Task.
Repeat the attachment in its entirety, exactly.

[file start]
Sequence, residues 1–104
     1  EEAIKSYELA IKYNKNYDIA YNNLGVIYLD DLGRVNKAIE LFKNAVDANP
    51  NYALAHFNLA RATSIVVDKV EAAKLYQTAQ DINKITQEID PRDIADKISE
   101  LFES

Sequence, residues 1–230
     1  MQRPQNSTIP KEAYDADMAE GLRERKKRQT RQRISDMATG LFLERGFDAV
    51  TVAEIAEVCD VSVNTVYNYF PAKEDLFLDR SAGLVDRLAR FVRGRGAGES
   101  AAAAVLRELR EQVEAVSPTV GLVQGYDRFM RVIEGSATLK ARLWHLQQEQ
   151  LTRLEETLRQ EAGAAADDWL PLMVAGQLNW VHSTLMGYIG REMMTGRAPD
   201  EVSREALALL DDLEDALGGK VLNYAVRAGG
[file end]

Sequence, residues 1–104
     1  EEAIKSYELA IKYNKNYDIA YNNLGVIYLD DLGRVNKAIE LFKNAVDANP
    51  NYALAHFNLA RATSIVVDKV EAAKLYQTAQ DINKITQEID PRDIADKISE
   101  LFES

Sequence, residues 1–230
     1  MQRPQNSTIP KEAYDADMAE GLRERKKRQT RQRISDMATG LFLERGFDAV
    51  TVAEIAEVCD VSVNTVYNYF PAKEDLFLDR SAGLVDRLAR FVRGRGAGES
   101  AAAAVLRELR EQVEAVSPTV GLVQGYDRFM RVIEGSATLK ARLWHLQQEQ
   151  LTRLEETLRQ EAGAAADDWL PLMVAGQLNW VHSTLMGYIG REMMTGRAPD
   201  EVSREALALL DDLEDALGGK VLNYAVRAGG